Author(s): Dominguez JR, Shlipak MG, Whooley MA, Ix JH
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Abstract Fibroblast growth factor-23 (FGF23) induces phosphaturia through its effects on renal tubules. Higher levels of FGF23 associate with cardiovascular disease (CVD) events and all-cause mortality, but it is unknown whether these associations differ by the degree of phosphaturia. Here, we measured serum FGF23 and 24-hour urine fractional excretion of phosphorus (FePi) in 872 outpatients with stable CVD and a mean estimated GFR of 71 ml/min per 1.73 m(2). During an average 7.5 years of follow-up, there were 337 deaths and 199 CVD events. Urinary FePi significantly modified the association of FGF23 with each outcome (P interaction<0.001 for all-cause mortality and P interaction<0.05 for CVD events). In models adjusted for CVD risk factors, kidney function, and PTH, those patients who had FGF23 above the median (≥ 42.3 relative units [RU]/ml) but FePi below the median (<15.7\%) had the highest risks of both all-cause mortality (HR=1.98, 95\% CI=1.42-2.77) and CVD events (HR=1.92, 95\% CI=1.25-2.94) compared with those patients who had low concentrations of FGF23 and low FePi. In summary, associations of FGF23 with mortality and CVD events are stronger in persons with lower FePi independent of PTH and kidney function. In such individuals, the renal tubular response to FGF23 may be suboptimal.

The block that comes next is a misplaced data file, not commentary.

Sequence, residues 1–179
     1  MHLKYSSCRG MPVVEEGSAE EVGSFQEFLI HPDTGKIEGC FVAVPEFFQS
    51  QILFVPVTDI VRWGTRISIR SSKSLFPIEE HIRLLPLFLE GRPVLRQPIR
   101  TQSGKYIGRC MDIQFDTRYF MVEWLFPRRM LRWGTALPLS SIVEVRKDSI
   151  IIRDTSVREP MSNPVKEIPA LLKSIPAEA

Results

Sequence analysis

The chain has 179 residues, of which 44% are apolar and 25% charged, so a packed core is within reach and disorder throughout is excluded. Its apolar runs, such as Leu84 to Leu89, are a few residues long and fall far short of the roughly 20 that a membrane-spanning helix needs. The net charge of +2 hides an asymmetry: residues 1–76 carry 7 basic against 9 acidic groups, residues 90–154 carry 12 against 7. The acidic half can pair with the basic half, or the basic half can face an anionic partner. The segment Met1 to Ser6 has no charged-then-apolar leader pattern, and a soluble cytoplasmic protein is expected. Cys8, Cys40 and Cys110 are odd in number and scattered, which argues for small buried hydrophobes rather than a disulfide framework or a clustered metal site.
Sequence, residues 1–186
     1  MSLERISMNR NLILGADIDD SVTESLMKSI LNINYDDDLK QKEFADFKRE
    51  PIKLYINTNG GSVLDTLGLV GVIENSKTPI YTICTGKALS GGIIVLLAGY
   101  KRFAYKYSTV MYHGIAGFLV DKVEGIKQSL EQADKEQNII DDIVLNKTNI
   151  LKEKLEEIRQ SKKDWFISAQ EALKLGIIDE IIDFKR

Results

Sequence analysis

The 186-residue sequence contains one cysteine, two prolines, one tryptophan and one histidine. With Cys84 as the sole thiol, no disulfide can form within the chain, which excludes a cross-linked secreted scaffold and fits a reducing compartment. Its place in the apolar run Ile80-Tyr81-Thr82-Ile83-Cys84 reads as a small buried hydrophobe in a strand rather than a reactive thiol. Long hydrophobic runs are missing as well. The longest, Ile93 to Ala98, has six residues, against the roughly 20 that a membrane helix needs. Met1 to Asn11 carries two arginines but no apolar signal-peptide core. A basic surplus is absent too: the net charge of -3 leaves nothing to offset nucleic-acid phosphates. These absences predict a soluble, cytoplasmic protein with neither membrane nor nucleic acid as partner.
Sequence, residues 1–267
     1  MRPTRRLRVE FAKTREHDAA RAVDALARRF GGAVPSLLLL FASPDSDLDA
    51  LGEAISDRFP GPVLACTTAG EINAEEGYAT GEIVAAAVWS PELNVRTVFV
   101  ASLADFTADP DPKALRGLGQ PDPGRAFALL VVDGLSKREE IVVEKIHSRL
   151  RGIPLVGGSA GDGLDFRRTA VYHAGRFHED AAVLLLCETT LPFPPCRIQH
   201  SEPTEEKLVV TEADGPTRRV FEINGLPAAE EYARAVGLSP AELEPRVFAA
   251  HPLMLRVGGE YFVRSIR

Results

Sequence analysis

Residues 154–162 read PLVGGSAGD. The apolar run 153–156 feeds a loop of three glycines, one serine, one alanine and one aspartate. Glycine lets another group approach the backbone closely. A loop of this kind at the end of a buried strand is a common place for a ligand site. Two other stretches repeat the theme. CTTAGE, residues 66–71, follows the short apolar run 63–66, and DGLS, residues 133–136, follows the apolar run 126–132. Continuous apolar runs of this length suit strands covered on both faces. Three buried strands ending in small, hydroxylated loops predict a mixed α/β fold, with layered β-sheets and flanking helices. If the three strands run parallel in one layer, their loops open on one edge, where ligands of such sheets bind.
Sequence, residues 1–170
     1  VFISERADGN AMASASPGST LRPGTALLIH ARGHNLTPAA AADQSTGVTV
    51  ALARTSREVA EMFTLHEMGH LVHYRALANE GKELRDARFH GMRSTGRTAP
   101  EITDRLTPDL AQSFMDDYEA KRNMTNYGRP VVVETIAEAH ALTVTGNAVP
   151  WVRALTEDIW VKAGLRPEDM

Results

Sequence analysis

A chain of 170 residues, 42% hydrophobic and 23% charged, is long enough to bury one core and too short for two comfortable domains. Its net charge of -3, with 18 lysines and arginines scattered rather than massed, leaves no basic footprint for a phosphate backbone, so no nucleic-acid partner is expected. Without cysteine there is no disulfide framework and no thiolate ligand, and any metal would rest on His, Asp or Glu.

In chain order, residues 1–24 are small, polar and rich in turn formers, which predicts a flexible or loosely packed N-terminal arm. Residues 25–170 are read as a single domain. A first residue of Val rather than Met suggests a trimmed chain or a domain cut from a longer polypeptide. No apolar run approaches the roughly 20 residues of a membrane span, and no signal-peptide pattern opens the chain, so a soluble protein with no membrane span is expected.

This article was published in J Am Soc Nephrol
and referenced in Journal of Nanomedicine & Nanotechnology